Buying Fixer Uppers in the Fl keys

Real Estate Agent with Coldwell Banker Schmitt

Buying fixer uppers
Ask many a home buyer about the type of house they are looking for and many will reply "We are looking for something we can fix up and live in (or resell). We like the idea of gaining some quick sweat equity." The classic "fixer-upper" home. Unfortunately, there is a bit of fantasy in the notion, though. First of all, there are many more fixer-upper buyers than there are fixer-upper properties. Second, the current thinking in many minds is that anyone can make a killing in the Real Estate market, which is not always the case. Third,
many buyers totally mis-estimate both the cost and the time involved in fixer-uppers, severely impacting (and in some cases destroying) the profit potential. Unless you are fully prepared to deal with the realities of fixer-uppers rather than the fantasies, it probably is a good idea to look elsewhere for a home.

This does not mean that there isn't equity to be gained (or profit to be made) by purchasing the RIGHT property at the RIGHT price. The important notion is to understand that there are several factors that will make the difference between winning and losing in such a transaction.

The Mindset

The first factor that must be understood is that it isn't going to be easy. The only people who think that finding, buying, fixing and selling a home is an easy task are those who have never done it. Those with any experience (even if only once) will tell you that it rarely is as simple as it appears. In general, it is best to assume that repairs will cost twice what you estimated, take double the amount of time and,when finished, the house will be worth less than expected. If you keep that in the forefront of your thinking, the chances of being burned are much less.

Foreclosure sales are often good sources for fixer-upper properties. A couple of resources that specialize in listings of those types of homes are and . All three of the resources above offer free trial periods to evaluate their services and search for foreclosure listings in the area in which you are interested.

Start Out Small

Some of the worst examples of mistakes made by buyers of fixer-uppers are first-time buyers who bite off way more than they can chew. Examples of this are houses that have structural problems or will take an exceptionally long time to repair, or are located somewhere other than a desirable neighborhood. These can be a horrible drain on finances, time and peace of mind.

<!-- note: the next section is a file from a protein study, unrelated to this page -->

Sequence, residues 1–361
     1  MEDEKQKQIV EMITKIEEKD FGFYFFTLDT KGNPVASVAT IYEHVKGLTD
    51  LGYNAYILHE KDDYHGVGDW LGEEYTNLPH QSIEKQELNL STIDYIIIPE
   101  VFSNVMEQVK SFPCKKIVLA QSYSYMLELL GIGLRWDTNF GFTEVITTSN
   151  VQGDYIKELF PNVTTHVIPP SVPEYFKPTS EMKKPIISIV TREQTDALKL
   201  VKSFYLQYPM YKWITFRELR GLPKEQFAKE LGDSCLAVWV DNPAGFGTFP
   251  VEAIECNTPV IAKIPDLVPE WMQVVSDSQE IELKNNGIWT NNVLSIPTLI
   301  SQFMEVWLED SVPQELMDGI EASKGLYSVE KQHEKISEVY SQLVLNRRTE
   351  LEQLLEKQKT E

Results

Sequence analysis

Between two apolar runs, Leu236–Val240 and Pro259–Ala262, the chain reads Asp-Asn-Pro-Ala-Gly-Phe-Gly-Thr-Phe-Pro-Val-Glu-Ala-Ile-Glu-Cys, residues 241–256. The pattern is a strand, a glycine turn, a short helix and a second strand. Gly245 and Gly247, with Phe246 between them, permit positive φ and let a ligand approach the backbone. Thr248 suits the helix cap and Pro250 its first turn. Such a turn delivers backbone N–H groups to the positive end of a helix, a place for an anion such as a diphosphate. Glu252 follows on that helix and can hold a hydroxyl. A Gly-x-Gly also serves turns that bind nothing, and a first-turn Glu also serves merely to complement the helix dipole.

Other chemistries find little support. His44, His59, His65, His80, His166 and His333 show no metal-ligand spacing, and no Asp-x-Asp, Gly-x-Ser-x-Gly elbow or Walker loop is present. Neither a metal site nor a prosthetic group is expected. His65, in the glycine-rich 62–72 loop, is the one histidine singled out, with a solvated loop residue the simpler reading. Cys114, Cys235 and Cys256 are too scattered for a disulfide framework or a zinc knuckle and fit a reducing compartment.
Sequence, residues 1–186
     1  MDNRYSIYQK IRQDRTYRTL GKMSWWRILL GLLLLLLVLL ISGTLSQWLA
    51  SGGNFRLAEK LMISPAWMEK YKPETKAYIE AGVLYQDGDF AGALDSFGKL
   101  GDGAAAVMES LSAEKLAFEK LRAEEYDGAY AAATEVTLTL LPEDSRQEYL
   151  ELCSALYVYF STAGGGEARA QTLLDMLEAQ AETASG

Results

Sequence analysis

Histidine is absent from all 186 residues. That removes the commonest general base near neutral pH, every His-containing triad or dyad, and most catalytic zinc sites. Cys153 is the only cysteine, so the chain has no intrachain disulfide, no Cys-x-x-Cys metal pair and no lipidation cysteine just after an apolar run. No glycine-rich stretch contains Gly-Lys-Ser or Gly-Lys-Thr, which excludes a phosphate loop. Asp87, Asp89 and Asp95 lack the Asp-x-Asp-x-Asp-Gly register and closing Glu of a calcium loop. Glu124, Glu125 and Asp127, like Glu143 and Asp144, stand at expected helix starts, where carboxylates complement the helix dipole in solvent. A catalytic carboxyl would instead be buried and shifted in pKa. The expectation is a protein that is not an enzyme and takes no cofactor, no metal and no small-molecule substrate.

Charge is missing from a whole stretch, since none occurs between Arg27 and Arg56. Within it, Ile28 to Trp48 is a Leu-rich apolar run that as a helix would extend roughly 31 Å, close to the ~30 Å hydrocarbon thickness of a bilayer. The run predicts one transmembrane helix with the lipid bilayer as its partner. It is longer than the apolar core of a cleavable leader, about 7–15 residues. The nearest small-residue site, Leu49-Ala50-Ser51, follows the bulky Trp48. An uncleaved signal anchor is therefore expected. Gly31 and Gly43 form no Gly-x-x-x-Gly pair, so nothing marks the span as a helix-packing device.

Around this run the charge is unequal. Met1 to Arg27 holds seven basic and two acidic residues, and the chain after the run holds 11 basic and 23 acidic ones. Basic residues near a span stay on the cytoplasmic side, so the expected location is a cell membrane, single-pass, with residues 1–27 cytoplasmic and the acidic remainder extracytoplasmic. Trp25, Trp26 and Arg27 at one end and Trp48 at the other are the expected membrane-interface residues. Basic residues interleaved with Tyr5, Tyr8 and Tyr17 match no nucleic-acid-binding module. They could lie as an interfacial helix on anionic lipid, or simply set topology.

A much better strategy for the inexperienced is to purchase a home in a desirable neighborhood that is in need of cosmetic attention--new paint, carpeting, appliances, landscaping and the like. These repairs can either be handled by the homeowner or are easily contracted out, saving time, effort and money. Yes, money can be made on homes needing major renovations, even if they 
are in less popular neighborhoods, but these are jobs for professionals, not homeowners (and definitely not for first-time homeowners!)

Avoid Surprises

The most expensive situations are often those that are the least expected--those nasty little (and often big) surprises that jump out at you. You can avoid many of these surprises, though, with a couple of easy steps taken BEFORE final commitment to a property.

1) Have the property thoroughly inspected. Have the inspector detail all obvious (as well as potential) defects in the property. NOTE: The seller may say "we are selling the house as-is, so NO inspections." Avoid this property like the plague.

2) Run the numbers. You must know the market values for houses in the neighborhood in which you are interested that need no repairs. Running the numbers means working them backwards to see how much equity or profit may be available (or even IF there will be any) in the deal. You will need to begin by computing the realistic value of the home when all repairs are made. From that point, you will need to subtract any selling expenses you will incur (commissions and the like) as well as the full cost of repairs and, most importantly, the amount of desired profit or equity.